Hedgehog signaling and response to cyclopamine differ in epithelial and stromal cells in benign breast and breast cancer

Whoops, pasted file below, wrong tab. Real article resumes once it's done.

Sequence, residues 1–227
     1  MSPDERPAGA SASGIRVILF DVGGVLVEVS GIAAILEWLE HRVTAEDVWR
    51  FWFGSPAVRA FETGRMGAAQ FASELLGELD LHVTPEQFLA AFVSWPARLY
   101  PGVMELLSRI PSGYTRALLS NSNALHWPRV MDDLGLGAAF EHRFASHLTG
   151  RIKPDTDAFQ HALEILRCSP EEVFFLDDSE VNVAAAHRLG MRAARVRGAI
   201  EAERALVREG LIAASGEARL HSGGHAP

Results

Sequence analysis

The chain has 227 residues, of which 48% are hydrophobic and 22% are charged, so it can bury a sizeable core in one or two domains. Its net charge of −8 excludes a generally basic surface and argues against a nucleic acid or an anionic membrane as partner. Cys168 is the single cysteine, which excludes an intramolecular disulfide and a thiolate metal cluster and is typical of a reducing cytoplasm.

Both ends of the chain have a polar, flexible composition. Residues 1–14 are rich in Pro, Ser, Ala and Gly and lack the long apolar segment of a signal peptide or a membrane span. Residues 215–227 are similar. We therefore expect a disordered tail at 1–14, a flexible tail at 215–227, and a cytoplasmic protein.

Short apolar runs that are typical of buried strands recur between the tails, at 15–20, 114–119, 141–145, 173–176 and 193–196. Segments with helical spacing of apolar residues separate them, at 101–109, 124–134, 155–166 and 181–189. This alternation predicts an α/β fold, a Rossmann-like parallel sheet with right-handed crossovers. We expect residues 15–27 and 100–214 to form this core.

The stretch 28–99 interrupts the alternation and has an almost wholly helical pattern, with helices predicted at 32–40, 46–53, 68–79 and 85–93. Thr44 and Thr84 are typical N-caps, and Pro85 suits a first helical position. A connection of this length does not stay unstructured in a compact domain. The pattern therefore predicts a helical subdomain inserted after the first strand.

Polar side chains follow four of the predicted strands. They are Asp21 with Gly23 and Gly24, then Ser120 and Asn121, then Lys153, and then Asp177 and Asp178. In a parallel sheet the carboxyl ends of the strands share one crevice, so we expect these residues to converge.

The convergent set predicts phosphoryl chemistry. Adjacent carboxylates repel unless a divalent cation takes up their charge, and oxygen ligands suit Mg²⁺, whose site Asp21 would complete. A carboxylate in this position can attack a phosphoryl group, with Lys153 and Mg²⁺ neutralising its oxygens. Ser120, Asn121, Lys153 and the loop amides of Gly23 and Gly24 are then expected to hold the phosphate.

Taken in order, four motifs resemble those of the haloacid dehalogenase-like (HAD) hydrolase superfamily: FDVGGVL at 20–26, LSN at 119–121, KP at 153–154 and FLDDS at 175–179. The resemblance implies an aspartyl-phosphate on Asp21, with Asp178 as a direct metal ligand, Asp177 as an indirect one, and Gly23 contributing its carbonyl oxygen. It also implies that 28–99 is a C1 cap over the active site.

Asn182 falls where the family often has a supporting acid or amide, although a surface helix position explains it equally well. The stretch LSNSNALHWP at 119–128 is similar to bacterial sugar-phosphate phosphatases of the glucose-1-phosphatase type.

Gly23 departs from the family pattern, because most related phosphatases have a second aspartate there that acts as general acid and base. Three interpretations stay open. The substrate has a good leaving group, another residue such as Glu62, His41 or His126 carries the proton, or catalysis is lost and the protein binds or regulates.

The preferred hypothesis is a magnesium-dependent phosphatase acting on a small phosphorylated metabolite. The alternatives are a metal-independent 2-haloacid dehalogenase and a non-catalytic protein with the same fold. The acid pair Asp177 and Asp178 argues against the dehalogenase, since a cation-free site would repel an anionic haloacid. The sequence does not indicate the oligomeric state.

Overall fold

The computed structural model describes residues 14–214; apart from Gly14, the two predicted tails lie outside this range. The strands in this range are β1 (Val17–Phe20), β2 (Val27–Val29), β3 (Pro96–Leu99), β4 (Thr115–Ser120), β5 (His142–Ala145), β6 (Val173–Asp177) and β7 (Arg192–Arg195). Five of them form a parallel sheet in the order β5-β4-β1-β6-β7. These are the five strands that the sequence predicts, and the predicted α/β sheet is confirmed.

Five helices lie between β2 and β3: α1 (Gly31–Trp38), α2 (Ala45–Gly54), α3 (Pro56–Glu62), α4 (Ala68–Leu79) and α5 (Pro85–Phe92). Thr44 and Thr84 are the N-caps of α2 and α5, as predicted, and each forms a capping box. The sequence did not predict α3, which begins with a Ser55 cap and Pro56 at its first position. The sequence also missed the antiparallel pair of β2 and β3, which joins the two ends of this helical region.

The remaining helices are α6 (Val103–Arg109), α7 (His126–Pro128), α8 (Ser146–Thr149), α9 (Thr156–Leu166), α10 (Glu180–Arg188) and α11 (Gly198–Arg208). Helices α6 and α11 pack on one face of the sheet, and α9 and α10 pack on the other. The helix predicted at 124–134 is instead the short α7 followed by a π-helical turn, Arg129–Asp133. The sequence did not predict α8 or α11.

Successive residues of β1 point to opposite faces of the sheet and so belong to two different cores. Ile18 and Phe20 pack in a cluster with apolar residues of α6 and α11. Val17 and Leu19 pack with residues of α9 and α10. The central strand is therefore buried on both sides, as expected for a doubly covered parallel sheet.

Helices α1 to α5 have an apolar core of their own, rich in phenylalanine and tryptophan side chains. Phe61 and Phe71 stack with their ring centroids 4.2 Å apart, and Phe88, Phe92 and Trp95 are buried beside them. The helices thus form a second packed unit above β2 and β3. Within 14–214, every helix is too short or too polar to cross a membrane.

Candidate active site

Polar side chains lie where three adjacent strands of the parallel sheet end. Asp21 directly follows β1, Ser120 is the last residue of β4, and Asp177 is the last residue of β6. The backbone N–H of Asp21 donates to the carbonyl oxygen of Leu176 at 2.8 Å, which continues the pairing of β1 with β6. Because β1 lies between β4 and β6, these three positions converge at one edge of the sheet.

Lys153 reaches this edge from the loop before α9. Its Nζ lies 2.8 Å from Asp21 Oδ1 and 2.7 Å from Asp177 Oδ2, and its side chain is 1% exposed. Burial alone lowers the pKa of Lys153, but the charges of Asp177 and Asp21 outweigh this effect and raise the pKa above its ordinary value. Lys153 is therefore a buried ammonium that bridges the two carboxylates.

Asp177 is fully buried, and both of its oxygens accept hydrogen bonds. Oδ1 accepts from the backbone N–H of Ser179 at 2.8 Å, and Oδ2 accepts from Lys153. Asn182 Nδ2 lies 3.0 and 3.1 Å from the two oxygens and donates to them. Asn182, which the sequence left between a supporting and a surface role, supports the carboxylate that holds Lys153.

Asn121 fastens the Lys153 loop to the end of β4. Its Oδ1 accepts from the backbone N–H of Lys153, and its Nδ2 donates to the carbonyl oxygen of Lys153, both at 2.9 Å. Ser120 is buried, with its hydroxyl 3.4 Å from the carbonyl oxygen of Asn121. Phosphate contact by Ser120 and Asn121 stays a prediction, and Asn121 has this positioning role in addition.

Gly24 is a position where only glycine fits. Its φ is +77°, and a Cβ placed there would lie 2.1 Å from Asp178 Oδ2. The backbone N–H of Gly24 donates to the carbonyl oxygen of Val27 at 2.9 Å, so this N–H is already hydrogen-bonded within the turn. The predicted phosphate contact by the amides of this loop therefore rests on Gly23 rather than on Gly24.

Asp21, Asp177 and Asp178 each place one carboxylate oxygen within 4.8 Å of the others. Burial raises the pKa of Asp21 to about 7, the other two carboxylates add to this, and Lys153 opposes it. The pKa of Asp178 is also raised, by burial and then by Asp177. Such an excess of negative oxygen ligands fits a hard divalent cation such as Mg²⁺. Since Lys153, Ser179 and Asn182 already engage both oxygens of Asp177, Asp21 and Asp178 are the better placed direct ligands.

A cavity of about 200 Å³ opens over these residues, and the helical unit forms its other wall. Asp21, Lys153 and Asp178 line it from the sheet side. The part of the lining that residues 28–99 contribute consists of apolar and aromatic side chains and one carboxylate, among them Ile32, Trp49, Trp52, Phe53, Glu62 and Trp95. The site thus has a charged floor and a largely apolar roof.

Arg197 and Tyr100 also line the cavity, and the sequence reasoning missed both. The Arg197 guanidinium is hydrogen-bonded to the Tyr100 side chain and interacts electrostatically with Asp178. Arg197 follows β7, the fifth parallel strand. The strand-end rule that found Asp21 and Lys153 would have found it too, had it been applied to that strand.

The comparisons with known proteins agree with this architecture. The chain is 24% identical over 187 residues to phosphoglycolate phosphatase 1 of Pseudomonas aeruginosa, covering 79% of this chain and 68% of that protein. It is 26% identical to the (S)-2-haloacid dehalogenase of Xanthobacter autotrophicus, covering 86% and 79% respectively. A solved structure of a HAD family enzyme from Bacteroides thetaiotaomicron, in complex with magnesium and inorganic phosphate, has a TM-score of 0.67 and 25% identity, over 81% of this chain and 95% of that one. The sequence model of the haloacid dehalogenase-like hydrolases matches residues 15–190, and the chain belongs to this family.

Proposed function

The hedgehog pathway regulates epithelial-mesenchymal interactions, differentiation, proliferation and survival during development. Stimulation of hedgehog signaling induces carcinogenesis or promotes cell survival in cancers of multiple organs. Using real-time, quantitative PCR, laser capture microdissection, and immunohistochemistry, distinctive patterns of expression of the hedgehog pathway members patched 1 (PTCH1), smoothened, GLI1, GLI2 and the 3 hedgehog ligands were identified for epithelial cells and stromal fibroblasts in benign breast and breast cancer. Hedgehog ligands were expressed at higher levels in some cancer epithelial cell lines compared to noncancerous epithelial cells. Correspondingly, expression of GLI1, a transcription factor and transcriptional product of hedgehog signaling, was increased 8-fold in cancer epithelial cell lines; however, PTCH1, also a transcriptional target of hedgehog signaling in many cell types, was not increased. GLI1 protein and mRNA, and PTCH1 and sonic hedgehog (SHH) proteins were elevated in 3 of 10 breast cancers; however, PTCH1 transcripts were not consistently increased. Hedgehog-mediated transcription, as indicated by a reporter of GLI-dependent promoter activity and by expression of GLI1 transcripts, was reduced by the hedgehog pathway inhibitor cyclopamine in both MDA-MB-435 cancer epithelial cells and MCF10AT epithelial cells, a cell line derived from benign breast. However, cyclopamine reduced viability of cancer epithelial cell lines, including MDA-MB-435, but did not specifically affect fibroblasts or epithelial cells from benign breast, including MCF10AT. Treatment with sonic hedgehog ligand diminished the cyclopamine-induced reduction in GLI-dependent promoter activity in MCF10AT and MDA-MB-435 and viability of MDA-MB-435. These results demonstrate modulation of GLI-mediated transcription in both cancer and benign-derived epithelial cells by cyclopamine and sonic hedgehog, and further suggest that hedgehog signaling contributes to the survival of only the cancer epithelial cells. Determination as to whether the increase in GLI1 and SHH expression in breast cancer indicates a significant increase in hedgehog signaling will require further evaluation.